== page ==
Homeowners Should Think Twice if Considering a ‘Strategic Default’

Dennis Norman

Last month I wrote about a new policy implemented by Fannie Mae that would “lock-out” borrowers from getting a Fannie-Mae insured loan for 7 years if they did a “strategic default” or otherwise did not act in good faith and were foreclosed upon. In a nut shell, the borrower that Fannie Mae is targeting here is the borrower that has the financial ability to make their payments, accept a loan modification or other “work-out” from Fannie Mae but instead chooses just to walk away from their home and letting the lender foreclose.

In addition to locking out borrowers from a new loan for 7 years Fannie Mae has also made it clear in a recent announcement that they will “take legal action to recoup the outstanding mortgage debt from borrowers who strategically default on their loans“. Obviously, they can only do this in those States that allow a lender to sue a borrower for a deficiency but if you live in one of those states are are thinking of doing a strategic default on a Fannie Mae insured loan, you may want to think twice. Or at least be sure you get appropriate legal advice first and explore other options that are available to you.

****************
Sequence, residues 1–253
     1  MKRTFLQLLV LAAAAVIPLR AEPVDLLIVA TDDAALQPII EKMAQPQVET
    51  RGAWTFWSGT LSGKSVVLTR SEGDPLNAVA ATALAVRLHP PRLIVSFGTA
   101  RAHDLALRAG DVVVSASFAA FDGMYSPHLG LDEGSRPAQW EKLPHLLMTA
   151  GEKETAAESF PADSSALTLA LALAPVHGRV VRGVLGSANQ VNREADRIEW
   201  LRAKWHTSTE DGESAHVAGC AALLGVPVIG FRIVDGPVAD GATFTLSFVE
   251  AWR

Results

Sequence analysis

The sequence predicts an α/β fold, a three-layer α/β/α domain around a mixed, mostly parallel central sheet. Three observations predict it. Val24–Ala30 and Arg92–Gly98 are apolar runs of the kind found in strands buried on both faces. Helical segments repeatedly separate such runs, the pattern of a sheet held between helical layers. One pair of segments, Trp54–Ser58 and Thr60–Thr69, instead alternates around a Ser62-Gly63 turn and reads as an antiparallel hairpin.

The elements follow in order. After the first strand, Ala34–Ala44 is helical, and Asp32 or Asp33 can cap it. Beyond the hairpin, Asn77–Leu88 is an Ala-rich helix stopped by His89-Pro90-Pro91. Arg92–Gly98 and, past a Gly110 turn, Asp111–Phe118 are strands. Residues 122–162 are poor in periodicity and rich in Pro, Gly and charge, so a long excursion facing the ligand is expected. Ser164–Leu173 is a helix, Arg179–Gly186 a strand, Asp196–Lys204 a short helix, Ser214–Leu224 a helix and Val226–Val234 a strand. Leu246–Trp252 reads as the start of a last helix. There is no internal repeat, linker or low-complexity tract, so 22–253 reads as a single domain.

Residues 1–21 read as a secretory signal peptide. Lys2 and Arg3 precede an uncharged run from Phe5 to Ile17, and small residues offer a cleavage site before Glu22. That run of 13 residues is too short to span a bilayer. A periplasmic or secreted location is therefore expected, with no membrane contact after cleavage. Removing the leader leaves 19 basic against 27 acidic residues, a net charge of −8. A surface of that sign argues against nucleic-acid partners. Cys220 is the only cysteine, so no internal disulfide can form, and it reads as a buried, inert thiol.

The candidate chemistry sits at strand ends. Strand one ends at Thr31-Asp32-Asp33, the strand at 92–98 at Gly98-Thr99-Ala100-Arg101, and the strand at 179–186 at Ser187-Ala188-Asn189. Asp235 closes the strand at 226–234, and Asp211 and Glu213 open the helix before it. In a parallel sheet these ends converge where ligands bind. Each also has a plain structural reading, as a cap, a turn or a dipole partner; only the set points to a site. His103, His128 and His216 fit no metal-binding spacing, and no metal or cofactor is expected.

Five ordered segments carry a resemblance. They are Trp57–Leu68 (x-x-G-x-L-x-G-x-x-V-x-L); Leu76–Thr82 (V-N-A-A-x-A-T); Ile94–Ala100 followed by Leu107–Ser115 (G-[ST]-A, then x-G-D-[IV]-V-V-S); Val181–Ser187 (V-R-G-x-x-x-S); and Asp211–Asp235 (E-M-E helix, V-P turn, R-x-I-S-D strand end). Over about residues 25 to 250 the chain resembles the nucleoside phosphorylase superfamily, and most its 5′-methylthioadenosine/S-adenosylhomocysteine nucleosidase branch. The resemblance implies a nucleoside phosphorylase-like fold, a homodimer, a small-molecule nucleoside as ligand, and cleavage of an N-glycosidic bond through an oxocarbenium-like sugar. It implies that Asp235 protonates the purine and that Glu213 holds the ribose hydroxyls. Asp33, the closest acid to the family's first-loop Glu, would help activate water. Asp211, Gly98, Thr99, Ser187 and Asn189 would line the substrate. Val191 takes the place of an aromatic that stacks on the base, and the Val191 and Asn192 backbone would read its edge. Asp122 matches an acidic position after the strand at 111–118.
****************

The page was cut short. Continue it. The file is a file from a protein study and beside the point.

Fannie Mae said that this month (July) they will be instructing its servicers to monitor delinquent loans facing foreclosure and put forth recommendations for cases that warrant the pursuit of deficiency judgments.



Print Friendly, PDF & Email

Leave a Reply